[geocentrism] Re: (geocentrism) geostationary / geosynchrous sat.

Gary,


I'm puzzled why you believe the firmament is rigid like concrete. The plenum
could be very dense, but flexible enough to allow differential radial
speeds.

One model for it is a vortex of Planck-size particles moving fastest at the
edges of the universe and decreasing in speed to zero at the center....the
Earth, of course. This main structure could have embedded sub-structures
that supply the motion to the galaxies, clusters, star systems, etc.

The challenge is to use Genesis as a guide in building a scientifically
correct GC model.


Robert

> -----Original Message-----
> From: geocentrism-bounce@xxxxxxxxxxxxx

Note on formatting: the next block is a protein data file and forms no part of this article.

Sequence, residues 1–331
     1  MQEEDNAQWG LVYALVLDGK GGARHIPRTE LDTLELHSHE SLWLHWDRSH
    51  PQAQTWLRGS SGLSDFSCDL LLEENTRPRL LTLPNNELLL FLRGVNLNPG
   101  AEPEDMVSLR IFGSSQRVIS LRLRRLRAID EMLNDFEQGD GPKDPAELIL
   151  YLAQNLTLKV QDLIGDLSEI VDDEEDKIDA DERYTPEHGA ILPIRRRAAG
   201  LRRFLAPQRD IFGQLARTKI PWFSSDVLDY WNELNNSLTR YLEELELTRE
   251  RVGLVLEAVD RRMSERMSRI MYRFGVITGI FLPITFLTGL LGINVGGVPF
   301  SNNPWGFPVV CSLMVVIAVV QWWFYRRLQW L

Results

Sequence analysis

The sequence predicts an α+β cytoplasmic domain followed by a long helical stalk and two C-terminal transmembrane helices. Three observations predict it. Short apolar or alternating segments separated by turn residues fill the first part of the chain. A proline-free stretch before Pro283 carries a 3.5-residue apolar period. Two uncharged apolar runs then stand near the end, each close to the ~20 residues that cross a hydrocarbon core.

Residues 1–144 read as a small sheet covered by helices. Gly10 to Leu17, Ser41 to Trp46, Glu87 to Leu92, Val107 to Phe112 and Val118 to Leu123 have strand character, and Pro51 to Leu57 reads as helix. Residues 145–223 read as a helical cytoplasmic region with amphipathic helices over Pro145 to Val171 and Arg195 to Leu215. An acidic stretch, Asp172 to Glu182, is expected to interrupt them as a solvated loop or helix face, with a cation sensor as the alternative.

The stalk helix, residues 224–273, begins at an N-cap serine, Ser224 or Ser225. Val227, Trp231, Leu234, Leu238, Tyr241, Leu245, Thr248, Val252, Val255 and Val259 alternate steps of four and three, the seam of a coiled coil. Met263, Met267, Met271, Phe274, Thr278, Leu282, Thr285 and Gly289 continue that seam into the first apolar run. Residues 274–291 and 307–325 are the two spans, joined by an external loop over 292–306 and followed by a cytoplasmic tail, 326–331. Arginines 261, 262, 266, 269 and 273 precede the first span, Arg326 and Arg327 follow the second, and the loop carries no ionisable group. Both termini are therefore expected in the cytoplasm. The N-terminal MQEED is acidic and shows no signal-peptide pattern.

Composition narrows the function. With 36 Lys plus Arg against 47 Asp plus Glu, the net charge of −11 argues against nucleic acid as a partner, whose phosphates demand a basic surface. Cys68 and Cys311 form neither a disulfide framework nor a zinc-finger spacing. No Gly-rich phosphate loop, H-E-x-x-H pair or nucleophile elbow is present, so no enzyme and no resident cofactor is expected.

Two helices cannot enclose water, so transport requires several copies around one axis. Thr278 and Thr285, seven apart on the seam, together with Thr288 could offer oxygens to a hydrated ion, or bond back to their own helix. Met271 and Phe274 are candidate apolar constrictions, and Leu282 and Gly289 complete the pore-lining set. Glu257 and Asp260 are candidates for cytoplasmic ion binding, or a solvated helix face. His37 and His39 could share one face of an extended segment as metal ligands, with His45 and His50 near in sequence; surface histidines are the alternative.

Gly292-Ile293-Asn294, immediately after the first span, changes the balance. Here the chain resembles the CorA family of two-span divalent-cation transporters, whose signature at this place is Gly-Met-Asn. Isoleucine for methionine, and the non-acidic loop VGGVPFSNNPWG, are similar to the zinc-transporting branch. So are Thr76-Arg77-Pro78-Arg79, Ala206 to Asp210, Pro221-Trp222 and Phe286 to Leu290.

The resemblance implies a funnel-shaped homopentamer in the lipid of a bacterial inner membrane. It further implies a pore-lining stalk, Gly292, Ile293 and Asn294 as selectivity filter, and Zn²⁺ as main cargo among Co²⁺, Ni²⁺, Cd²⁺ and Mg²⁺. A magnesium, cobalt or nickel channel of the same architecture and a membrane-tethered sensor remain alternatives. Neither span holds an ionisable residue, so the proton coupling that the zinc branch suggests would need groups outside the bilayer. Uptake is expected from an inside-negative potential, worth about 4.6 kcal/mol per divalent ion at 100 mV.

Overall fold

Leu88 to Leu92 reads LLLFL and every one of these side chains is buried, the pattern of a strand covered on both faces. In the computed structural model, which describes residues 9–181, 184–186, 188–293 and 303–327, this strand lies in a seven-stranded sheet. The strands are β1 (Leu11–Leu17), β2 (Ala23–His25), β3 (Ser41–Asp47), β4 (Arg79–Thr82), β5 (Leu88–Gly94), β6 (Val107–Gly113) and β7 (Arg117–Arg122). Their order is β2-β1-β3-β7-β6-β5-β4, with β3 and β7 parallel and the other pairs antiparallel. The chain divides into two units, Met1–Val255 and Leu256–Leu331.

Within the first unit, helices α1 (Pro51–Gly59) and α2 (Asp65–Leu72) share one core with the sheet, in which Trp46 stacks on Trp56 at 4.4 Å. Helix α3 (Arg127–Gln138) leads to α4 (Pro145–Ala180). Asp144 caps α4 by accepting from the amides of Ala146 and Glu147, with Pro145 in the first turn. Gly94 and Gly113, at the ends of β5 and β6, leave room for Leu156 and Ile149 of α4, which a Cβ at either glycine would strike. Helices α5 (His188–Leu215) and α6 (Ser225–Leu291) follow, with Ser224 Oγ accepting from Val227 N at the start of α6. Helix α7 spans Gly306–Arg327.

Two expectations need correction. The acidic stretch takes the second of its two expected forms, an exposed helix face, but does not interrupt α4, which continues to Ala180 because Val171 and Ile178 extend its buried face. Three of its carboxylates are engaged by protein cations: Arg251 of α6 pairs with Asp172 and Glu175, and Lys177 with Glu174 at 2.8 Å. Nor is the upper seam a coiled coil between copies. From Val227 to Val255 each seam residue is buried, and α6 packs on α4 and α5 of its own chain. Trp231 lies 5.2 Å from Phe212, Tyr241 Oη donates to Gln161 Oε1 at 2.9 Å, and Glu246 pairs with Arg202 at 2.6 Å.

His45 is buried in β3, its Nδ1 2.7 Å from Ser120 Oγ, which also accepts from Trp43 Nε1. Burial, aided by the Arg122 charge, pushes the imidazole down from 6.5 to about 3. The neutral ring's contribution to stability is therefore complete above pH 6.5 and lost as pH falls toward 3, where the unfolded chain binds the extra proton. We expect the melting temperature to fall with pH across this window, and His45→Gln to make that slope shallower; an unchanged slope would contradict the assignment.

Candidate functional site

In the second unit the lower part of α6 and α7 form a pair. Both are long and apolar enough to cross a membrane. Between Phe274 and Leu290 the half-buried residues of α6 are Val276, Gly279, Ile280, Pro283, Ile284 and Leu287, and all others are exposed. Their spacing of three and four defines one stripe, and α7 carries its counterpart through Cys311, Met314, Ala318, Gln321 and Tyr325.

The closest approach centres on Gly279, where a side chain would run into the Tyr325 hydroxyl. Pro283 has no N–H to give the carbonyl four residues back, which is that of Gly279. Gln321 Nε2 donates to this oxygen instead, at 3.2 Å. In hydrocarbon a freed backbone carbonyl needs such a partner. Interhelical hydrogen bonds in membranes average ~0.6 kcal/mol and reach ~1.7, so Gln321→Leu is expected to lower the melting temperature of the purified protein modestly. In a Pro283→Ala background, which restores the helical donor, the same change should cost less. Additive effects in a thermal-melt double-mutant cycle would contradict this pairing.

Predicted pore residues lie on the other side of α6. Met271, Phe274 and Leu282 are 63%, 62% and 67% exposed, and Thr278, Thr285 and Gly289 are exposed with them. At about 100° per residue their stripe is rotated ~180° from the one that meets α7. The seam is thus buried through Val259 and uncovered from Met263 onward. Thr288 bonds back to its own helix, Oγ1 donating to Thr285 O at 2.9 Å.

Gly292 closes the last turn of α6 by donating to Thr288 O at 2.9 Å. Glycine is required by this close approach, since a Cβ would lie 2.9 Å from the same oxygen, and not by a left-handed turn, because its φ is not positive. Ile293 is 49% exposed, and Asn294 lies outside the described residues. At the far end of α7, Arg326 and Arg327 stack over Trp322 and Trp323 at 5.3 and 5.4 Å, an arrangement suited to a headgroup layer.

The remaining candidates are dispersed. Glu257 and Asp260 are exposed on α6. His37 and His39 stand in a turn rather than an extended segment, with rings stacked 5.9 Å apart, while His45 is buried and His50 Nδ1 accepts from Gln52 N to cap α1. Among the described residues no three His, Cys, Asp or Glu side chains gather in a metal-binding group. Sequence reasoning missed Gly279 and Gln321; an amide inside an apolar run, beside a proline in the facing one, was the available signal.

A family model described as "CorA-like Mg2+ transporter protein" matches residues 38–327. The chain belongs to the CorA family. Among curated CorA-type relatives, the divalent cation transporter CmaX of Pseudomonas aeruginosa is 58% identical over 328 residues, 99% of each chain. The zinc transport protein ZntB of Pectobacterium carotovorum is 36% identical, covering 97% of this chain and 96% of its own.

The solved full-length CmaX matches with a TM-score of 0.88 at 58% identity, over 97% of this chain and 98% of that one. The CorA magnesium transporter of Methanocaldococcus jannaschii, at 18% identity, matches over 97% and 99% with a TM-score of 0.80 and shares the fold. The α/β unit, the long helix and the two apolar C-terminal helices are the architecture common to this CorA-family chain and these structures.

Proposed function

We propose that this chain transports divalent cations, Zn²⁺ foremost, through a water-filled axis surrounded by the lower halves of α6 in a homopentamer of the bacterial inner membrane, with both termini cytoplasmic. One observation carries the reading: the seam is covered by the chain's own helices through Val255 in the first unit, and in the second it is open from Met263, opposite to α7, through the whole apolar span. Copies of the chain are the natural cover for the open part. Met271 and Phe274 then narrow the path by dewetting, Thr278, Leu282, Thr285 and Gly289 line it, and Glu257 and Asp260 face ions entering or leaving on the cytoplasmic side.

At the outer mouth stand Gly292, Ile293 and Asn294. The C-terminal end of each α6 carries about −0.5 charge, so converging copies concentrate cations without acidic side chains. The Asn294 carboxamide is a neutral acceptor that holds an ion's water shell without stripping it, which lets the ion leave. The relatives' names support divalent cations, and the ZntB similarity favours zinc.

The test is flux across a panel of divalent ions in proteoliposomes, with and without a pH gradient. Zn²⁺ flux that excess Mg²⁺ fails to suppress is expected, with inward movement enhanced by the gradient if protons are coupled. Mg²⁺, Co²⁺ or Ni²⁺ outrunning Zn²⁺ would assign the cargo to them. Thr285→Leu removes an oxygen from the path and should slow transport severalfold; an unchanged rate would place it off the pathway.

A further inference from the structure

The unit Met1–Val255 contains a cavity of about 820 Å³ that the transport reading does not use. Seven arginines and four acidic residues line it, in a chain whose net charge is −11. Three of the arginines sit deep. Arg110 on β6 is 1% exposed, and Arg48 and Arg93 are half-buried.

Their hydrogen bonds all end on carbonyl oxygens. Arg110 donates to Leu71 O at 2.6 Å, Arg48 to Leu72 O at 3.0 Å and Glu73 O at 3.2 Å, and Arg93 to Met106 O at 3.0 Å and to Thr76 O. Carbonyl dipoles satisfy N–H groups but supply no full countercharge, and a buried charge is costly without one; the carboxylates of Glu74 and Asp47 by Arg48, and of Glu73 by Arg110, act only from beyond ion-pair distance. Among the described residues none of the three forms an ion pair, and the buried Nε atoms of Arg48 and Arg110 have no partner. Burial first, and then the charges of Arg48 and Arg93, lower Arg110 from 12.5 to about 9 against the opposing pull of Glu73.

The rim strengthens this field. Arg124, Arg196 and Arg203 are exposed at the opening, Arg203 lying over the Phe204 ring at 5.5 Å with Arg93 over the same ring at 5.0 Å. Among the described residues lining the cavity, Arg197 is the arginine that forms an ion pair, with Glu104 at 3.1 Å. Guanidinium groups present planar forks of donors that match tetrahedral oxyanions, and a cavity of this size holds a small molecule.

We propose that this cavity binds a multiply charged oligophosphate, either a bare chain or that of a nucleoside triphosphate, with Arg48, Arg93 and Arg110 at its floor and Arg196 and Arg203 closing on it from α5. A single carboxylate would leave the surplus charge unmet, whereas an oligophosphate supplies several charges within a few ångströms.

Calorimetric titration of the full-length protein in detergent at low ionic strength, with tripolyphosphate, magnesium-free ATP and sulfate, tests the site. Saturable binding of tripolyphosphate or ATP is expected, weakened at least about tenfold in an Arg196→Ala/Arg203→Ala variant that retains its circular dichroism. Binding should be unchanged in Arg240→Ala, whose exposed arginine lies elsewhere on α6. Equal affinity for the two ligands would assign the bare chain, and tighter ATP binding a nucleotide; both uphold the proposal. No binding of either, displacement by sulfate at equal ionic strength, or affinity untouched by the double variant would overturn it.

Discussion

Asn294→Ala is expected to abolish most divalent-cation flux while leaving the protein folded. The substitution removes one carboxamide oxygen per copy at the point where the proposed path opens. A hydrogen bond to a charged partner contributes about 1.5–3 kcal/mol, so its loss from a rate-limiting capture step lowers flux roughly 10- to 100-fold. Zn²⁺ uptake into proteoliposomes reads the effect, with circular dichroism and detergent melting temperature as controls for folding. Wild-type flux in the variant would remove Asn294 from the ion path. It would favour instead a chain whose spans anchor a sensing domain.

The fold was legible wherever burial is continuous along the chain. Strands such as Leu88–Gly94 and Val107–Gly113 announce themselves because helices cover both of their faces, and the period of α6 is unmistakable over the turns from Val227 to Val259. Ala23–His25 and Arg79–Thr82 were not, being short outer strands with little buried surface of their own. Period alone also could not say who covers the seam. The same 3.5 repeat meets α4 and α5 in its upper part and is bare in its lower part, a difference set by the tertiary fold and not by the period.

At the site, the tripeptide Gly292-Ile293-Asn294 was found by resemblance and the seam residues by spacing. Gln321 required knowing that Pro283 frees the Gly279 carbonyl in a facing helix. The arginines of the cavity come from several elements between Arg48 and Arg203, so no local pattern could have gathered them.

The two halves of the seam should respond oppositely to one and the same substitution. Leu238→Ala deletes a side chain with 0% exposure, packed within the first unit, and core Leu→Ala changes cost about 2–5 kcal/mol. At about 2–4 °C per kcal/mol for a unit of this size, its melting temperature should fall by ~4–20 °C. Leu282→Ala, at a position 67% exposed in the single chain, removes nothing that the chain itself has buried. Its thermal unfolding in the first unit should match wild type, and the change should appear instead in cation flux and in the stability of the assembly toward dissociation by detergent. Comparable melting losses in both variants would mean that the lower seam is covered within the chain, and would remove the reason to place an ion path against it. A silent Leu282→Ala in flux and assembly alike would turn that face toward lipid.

> [mailto:geocentrism-bounce@xxxxxxxxxxxxx]On Behalf Of Gary L. Shelton
> Sent: Tuesday, October 26, 2004 11:46 PM
> To: geocentrism@xxxxxxxxxxxxx
> Subject: [geocentrism] Re: (geocentrism) geostationary / geosynchrous
> sat.
>
>
> Philip,
>
> I guess if everything were locked in a firmament of concrete and spinning
> ultra rigidly, then those stars would indeed follow the sun.  But the sun
> and moon do not show us a firmament that is so rigid, as solar eclipses
> would happen every month at a new moon if it were.  If things were in
> lockstep in the firmament, the moon would have to travel as fast
> around the
> earth as the sun does.  But it clearly does not, as evidences by the moon
> phases.
>
> So, it would follow that the sun could make its annual double
> helix movement
> around the earth and the stars would not necessarily keep that
> same pattern.
>
> Gary
>
>
>


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